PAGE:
Sunday, February 27, 2011

Produce Day

Yesterday morning the beach was decorated with produce. I took all these photos within a half mile.

First came the onion...

Then a pepper...

A lemon...

And, finally, celery!

I hesitate to anthropomorphize a force of nature, but it almost seems the tide does this for amusement.

Cold Medicine

Yesterday afternoon I felt a cold coming on -- sore neck, swollen glands under my chin, scratchy throat. That called for immediate action, so I prepared my favorite food for nipping a cold in the bud.

Raw garlic is the heart of the remedy, but who wants to eat a clove of raw garlic with nothing else? My "recipe" is peanut butter on crackers topped with garlic slices. This time the taste was enhanced by tomatoes and ripe olives.

This morning all the cold symptoms were gone.

Raw garlic also destroys warts, but that's another story.

Canal Art

Life on a canal provides unusual entertainment. The house has an underwater fishing light that attracts fish at night. Watching a school of tiny fish endlessly circling the light fascinates everyone. I took this photo on a very foggy night and was amazed to see that the camera captured water vapor, seen here as grey spots.

Entertainment is not limited to night. Daytime reflections on the surface water create abstract art that wiggles with the water's movement. Here are just a few examples.

Soon I'll be returning to Kansas, where Nature's art is stationary and less abstract.  I have just three more weeks to collect these visions.


Nancy left six days ago. Here she is at La Quinta, waiting for the airport shuttle to take her away.

When the shuttle pulled away, my mood deflated like an abandoned balloon on the beach. There was no cure for the blues until she called this morning. We had a long visit, which gave me the oomph to get back to life.

Bye-bye, Nancy. I still miss you.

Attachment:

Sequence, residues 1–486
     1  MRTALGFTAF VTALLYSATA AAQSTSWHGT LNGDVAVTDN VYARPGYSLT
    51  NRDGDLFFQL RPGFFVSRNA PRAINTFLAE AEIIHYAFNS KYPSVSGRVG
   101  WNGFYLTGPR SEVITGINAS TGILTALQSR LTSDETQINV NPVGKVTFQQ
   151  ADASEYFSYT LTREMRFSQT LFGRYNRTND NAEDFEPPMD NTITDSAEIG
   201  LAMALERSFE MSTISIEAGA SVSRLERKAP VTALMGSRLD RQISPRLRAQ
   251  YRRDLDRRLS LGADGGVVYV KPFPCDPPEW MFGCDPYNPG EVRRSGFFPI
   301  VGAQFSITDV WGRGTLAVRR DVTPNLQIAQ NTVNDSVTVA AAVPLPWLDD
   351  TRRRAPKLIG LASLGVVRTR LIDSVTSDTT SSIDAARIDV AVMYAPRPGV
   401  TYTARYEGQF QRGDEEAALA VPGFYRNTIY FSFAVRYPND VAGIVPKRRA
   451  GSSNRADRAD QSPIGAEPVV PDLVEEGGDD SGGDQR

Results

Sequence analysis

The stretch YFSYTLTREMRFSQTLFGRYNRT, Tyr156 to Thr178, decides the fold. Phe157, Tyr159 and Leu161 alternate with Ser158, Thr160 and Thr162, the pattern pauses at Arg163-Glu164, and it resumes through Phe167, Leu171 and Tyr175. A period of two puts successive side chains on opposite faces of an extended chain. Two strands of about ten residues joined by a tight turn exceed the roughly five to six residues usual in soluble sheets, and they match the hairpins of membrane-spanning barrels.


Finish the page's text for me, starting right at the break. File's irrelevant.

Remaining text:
Tuesday, February 22, 2011

After The Party's Over

The people go back to their houses, their balloons forgotten on the beach. The tide seemingly welcomes an expanded palette for it shreds and reshapes the party leftovers to use in abstract art.

Next week Mardi Gras beads will find their way to the beach, but the tide doesn't like to work with beads and probably will ignore them.

Onward Through The Fog

My girl Nancy flew down from Colorado for a short visit. I had ordered warm weather, but neglected to specify sunshine to go with it. Every day was foggy but we went to the beach anyway. Nancy recorded the scene.

The air was so thick with moisture that it condensed on everything, even this tiny feather.

In the distance we saw what appeared to be a flock of sheep.

But they turned out to be Great Pyrenees dogs out for a walk. Nancy quickly made friends.

Before leaving, we stopped to admire a sand sculpture.

I didn't miss the sun because Nancy is sunshine personified.

Monday, February 14, 2011


 The tide is an abstract artist, working in the medium of sand.

Sometimes the tide and the wind collaborate.

Even more transitory than Andy Goldsworthy's work, these sand sculptures will be gone by evening.

I'll be back tomorrow to wander through this gallery of fleeting art.

Sunday, February 6, 2011

What We Need Right Now

Harsh winter weather is creating havoc across much of the country, Egypt is in chaos, and millions of our citizens are out of work. We have a lot to worry about.

What we need right now is an active sense of humor. We need things that make us smile, such as my favorite beach house.

We may also need a bowl of chocolate pudding and some escape literature to help us hang on until spring and hope return.

Wednesday, February 2, 2011

Be Careful What You Wish For

Recently I declared that the worst part of growing old is that the same things happen again and again. Cooking meals, celebrating holidays and birthdays, cleaning out closets, and other repetitive events made me feel I was caught in a do-loop.

I never should have said it because ever since I've had one unpleasant new experience after another. Recently it's been a car that wouldn't start in wet weather. Yesterday the Honda dealership repaired that problem. Today temperatures fell into the low twenties -- rare in Galveston -- and there's no electricity in Sea Isle. The power went out at 8:30 a.m. and is still off at 2:00 p.m. The uninsulated house on stilts is too cold now for habitation.

The public library seemed a good refuge, but I found myself standing in dark stacks and then tripped over a step stool as I groped my way back to the entrance. This, I learned, was due to rolling blackouts necessitated by the unusual demand for heating. This part of the country is simply not prepared for cold weather.

Temperatures will remain below freezing all this week, culminating in sleet and snow beginning on Thursday night and continuing through Friday. Rolling blackouts no doubt will continue.

At this point I sure would welcome a boring, repetitive day!